May 30, 2024

MCI Transitions program proves successful

PITTSFIELD – For many eighth-grade graduates, making that big step into high school can be intimidating.

For Warsaw Middle School students, it can be even more daunting since their next step is Maine Central Institute, a college preparatory school with a campus of buildings and a complicated three-day rotating schedule.

This summer, however, MCI and SAD 53 jointly offered Transitions, a program to give at-risk students the opportunity to spend three weeks at MCI working on study skills, getting comfortable with staff and the campus itself, and boning up on math and English.

Coordinator Jason Judd presented the program’s initial findings to an impressed school board Monday night.

Of the 29 students who participated, only one failed a class in the first quarter of high school. Of the 62 students who were not enrolled in Transitions, 13 students failed one or more classes. That’s a 97 percent pass rate compared with a 79 percent rate.

Although this was the first year of the program, those results are very promising, and board chairman Robert Downs called them “pretty compelling.” Downs suggested that a second year’s worth of data could confirm the program’s success.

Judd explained that the program was from 9 a.m. to noon for three weeks. “These were the most at-risk students, students we were really worried about,” he said. “The data is amazing. We are very excited.”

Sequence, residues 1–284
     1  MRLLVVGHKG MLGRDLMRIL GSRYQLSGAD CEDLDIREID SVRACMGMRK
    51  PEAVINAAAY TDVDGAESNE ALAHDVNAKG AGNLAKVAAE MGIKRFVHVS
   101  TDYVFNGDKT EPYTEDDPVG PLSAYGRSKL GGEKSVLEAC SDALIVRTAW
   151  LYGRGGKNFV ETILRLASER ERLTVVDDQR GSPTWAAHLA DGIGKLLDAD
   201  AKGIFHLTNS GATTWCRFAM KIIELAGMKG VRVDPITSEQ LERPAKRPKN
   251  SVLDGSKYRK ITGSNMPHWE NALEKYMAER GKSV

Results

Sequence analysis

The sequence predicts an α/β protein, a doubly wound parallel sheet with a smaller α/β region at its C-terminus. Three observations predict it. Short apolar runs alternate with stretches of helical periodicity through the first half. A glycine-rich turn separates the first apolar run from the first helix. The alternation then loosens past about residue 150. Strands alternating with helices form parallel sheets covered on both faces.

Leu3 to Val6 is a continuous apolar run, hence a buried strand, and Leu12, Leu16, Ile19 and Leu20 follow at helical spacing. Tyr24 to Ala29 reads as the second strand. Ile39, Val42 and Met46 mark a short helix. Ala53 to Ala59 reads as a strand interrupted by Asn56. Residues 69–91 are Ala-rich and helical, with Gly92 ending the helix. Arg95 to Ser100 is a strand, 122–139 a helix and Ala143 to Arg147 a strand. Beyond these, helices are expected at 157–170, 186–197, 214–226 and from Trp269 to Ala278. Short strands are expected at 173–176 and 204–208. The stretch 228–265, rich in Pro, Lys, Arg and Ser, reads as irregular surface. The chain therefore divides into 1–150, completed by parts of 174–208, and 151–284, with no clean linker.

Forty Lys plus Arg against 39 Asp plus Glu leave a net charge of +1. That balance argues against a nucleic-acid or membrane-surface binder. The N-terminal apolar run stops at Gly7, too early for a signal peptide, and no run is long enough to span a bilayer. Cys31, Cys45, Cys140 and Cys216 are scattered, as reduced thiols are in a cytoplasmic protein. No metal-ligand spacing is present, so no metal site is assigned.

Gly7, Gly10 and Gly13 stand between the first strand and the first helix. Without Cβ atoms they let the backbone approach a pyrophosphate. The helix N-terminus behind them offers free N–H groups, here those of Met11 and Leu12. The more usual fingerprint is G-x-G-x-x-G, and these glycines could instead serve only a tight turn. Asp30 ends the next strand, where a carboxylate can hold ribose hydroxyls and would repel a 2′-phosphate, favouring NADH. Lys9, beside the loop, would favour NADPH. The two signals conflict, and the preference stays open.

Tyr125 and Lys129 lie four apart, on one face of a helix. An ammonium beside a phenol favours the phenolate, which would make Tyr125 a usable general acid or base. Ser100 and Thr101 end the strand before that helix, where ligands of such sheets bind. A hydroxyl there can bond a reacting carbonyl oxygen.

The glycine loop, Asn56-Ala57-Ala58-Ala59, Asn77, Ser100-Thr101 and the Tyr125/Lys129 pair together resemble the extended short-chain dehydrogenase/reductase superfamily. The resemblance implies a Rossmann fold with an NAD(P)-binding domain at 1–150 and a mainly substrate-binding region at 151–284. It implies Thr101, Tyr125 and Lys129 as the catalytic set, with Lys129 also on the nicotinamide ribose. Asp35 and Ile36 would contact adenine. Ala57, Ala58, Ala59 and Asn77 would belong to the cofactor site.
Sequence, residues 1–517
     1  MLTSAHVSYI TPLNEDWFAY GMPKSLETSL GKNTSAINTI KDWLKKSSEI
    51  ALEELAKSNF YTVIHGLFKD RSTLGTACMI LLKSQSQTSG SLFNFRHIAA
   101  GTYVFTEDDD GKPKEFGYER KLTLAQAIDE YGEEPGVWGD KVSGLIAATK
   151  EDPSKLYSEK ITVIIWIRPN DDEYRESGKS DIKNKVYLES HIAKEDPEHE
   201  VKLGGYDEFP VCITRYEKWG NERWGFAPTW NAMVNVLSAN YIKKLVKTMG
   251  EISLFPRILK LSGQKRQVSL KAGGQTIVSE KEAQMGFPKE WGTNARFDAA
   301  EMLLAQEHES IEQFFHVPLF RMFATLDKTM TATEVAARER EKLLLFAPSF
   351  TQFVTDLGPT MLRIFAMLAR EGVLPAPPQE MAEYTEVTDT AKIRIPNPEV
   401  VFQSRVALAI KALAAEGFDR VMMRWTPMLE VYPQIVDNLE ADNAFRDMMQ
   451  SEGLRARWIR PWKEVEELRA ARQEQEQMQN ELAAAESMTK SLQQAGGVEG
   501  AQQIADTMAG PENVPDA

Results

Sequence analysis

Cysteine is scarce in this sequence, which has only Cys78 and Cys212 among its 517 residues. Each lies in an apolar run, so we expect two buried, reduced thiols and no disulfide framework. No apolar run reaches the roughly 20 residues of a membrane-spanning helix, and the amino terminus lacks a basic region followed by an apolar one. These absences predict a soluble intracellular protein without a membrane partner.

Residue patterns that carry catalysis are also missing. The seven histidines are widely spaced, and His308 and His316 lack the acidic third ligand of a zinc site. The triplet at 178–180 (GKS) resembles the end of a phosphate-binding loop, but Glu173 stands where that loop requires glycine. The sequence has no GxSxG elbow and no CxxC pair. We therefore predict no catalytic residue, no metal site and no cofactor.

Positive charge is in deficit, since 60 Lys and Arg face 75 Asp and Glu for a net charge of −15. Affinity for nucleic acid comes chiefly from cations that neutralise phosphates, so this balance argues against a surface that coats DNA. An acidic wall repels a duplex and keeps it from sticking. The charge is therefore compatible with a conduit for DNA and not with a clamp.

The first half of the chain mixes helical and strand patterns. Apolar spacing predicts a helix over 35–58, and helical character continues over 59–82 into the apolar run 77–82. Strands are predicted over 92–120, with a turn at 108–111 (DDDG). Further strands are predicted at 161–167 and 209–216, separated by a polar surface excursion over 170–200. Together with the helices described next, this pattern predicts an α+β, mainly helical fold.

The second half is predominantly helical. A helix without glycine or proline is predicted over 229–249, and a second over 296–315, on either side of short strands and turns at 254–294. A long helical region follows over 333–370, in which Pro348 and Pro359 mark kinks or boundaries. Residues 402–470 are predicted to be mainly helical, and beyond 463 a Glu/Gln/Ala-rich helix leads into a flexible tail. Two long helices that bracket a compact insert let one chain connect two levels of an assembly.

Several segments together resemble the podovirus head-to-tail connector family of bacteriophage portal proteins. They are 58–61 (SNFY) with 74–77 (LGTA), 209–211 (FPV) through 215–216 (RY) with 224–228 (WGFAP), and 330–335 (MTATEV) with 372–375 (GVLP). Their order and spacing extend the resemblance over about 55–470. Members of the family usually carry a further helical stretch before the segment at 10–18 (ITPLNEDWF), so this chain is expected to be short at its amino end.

Kendra Ludden, a Transitions student, said the program made it much easier to move up to MCI. “Even if you give up some of your summer, you’re helping yourself,” she said.

Ashley Dionne also participated. “I was able to get used to the campus and had a chance to meet some of my teachers. This was a great start to high school and it boosted my confidence.”

Both girls said that when the first day of school came, their peers were peppering them with questions.

SAD 53 curriculum director Anne Miller said she expected about a dozen pupils to volunteer for Transitions and was very pleased when 29 came forward. The program was open to all eighth-graders. She said the program was funded by MCI and Title 1 federal funds. “This idea came from joint, ongoing meetings with the MCI and the Warsaw Middle School Transitions committee.”

She said the short-term goal was to familiarize students with the MCI campus, enrich basic skills, boost self-confidence and work on study skills. “The long-term goal is dropout prevention,” she said.

Warsaw Middle School principal Sandy Nevens invited Ludden and Dionne to come back in the spring and address his graduating eighth-graders about the program’s benefits.

“Their work ethic was great,” he said. “This is such a great program.”

“We wanted to start small the first year,” Judd said. “But we are now going to try to include other students.”

Also at the meeting, Superintendent Michael Gallagher told board members that Maine Department of Education Commissioner Susan Gendron has reiterated her promise to propose legislation that would relieve SAD 53 of nonconsolidation penalties.

SAD 53 voters approved a consolidation plan with SAD 59 last spring, but SAD 59 voters narrowly defeated it. SAD 53 officials contend that since their communities approved the merger the district should not be penalized. The penalty is the withholding of more than $100,000 in state funding.

Gallagher said the legislation would be proposed in January as an emergency bill.


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